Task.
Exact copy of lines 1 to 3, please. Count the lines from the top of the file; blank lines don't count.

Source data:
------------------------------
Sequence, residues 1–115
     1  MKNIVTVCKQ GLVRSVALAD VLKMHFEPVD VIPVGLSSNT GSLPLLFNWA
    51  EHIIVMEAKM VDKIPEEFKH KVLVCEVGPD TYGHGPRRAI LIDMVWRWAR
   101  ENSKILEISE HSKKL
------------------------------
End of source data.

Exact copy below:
Sequence, residues 1–115
     1  MKNIVTVCKQ GLVRSVALAD VLKMHFEPVD VIPVGLSSNT GSLPLLFNWA
    51  EHIIVMEAKM VDKIPEEFKH KVLVCEVGPD TYGHGPRRAI LIDMVWRWAR